Flower Nagai Line
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|Flower Nagai Line|
A Flower Nagai Line train at Akayu terminal in December 2006
|Line length||30.5 km (19.0 mi)|
|Track gauge||1,067 mm (3 ft 6 in)|
In 2005, Yamagata Railway was in danger of having to shut down due to low patronage, leaving many residents, especially the young and old, without a mode of transportation from their farms. The only option available to the company was to try to attract more tourists to the scenic views. Lone train operator, Tatsuo Asakura, working without the knowledge of his superiors increased out-of-town passengers from 350 in 2005 to 7,000 in 2006, and in September 2008 had entertained more than 20,000 tourists with his uplifting guided tours, spoken in local dialect.
Eight single-car diesel multiple units were built by Niigata Transys in 1988 and 1990 for the Flower Nagai Line, using the Niigata Transys NDC model. Six units exist as of 2018. One unit, YR-881 has been scrapped in 2003, and YR-885 had been scrapped in 2015.
A snow blower car manufactured by Niigata Transys. One unit has been manufactured.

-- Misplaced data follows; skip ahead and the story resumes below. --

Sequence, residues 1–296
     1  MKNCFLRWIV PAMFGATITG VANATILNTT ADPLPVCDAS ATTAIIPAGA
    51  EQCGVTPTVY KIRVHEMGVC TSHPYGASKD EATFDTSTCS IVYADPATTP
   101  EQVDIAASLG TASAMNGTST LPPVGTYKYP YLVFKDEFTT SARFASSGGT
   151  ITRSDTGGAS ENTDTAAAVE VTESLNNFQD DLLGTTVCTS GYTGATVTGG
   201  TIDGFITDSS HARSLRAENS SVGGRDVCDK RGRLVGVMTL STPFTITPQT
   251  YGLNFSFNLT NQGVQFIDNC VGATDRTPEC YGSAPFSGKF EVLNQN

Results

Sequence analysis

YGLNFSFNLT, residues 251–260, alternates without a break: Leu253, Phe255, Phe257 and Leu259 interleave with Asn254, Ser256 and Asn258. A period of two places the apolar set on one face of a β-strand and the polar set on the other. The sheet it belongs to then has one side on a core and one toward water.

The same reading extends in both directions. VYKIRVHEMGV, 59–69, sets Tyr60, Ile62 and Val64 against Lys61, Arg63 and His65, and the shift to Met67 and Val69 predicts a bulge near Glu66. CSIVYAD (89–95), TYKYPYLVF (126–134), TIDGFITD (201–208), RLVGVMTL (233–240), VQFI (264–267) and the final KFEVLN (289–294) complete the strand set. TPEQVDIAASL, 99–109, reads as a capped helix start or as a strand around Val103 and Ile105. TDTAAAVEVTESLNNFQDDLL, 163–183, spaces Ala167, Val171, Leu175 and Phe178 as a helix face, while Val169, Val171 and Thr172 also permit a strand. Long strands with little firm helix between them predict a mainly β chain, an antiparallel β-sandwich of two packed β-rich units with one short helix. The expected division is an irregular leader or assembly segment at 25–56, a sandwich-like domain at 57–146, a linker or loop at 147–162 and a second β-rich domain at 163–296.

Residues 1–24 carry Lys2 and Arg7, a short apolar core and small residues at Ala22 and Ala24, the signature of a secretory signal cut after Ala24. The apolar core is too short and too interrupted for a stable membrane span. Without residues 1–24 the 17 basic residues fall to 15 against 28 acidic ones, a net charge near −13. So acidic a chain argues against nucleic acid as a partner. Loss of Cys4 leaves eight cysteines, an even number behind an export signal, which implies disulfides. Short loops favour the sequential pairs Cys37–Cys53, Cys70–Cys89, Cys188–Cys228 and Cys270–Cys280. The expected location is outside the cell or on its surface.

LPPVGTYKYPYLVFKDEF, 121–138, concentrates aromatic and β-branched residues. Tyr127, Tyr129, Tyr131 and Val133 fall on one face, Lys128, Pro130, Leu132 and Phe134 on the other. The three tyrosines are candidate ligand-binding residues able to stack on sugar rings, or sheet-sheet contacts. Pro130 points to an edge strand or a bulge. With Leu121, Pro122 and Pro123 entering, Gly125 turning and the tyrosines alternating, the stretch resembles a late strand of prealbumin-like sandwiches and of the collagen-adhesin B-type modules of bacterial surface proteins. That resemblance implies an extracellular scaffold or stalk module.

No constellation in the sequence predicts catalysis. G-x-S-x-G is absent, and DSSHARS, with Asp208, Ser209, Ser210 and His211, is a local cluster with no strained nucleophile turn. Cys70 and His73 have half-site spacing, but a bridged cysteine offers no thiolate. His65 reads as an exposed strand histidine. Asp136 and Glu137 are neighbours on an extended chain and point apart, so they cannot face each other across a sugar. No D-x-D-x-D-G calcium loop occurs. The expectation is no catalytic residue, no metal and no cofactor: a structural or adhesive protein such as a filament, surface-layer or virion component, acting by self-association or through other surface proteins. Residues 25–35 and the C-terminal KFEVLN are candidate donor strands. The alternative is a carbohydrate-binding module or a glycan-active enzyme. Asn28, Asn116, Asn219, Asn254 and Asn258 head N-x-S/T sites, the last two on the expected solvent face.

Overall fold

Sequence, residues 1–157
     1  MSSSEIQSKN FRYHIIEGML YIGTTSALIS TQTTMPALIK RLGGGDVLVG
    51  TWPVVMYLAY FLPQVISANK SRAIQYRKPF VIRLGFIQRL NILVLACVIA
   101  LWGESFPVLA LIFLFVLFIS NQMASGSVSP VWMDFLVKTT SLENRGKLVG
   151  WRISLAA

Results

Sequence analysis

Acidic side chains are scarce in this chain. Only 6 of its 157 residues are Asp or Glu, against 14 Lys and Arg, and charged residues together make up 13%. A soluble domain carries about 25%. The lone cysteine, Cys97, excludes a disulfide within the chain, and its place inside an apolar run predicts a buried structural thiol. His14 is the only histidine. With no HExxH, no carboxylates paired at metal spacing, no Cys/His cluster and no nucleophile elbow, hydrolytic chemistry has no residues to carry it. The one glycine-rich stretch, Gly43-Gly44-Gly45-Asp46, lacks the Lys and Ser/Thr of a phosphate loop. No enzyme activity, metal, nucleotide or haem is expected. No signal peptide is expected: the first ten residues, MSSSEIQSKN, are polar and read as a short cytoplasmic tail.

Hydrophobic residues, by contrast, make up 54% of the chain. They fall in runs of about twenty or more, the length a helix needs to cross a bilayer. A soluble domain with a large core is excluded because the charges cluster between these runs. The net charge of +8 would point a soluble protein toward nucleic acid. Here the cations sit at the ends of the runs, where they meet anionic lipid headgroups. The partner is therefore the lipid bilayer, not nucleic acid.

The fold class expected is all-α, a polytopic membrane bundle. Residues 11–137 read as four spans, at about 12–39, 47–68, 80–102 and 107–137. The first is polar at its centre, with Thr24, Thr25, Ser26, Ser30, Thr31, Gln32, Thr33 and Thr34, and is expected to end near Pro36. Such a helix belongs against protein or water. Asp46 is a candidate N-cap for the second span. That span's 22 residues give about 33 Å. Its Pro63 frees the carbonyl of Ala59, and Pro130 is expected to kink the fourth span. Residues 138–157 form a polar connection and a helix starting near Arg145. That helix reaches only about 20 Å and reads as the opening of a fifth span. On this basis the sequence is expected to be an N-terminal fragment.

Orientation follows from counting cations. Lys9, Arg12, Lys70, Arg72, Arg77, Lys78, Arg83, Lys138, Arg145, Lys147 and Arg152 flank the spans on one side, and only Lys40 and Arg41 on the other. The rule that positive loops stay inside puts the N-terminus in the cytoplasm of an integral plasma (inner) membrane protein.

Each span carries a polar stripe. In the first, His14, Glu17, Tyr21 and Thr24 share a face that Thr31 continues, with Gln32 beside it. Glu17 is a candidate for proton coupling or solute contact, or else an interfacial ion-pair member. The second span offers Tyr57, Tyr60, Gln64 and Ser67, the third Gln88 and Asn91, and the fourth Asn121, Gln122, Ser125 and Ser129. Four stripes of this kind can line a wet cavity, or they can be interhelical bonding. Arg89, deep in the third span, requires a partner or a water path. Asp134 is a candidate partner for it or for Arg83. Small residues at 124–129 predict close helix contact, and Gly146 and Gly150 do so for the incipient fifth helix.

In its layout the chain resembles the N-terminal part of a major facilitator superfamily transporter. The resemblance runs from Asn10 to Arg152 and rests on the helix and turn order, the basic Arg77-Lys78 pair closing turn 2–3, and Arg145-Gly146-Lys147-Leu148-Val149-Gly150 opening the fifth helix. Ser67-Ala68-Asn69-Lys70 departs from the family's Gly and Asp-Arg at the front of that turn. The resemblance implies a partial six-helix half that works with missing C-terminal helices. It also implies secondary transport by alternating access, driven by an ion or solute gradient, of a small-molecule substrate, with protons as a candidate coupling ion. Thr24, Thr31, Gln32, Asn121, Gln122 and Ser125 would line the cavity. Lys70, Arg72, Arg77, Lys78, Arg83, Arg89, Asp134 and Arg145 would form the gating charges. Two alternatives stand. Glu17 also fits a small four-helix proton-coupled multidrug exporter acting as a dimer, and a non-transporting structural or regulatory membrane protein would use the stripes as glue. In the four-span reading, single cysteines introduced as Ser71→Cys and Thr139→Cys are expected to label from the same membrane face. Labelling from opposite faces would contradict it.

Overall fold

- October 26, 1913: Akayu - Ringō section opens
- November 15, 1914: Ringō - Nagai section opens
- December 11, 1922: Nagai - Ayukai section opens
- April 22, 1923: Ayukai - Arato segment opens
- November 15, 1954: Diesel multiple units replace steam engines on the line
- June 1, 1959: Miyauchi Station opens
- May 20, 1960: Minami-Nagai Station opens
- October 28, 1986: Government designates line for closure
- April 1, 1987: Line inherited by JR East following privatization of JNR
- October 10, 1988: Line transferred from JR East to Yamagata Railway Company
- December 15, 1989: Shirousagi Station opens
- October 23, 1997: Centralized traffic control (CTC) introduced
- June 9, 2002: Ayame-Kōen Station opens
- October 13, 2007: Shikinosato Station opens
All stations are located in Yamagata Prefecture.
|Akayu||赤湯||0.0||Yamagata Shinkansen, Ōu Main Line||Nan'yō|
|Nishi-Ōtsuka||西大塚||10.3||Kawanishi, Higashiokitama District|
|Koguwa||蚕桑||24.6||Shirataka, Nishiokitama District|
- Judit Kawaguchi (September 9, 2008). "Words to Live By - Tatsuo Asakura". The Japan Times Online.
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- Official website (in Japanese)
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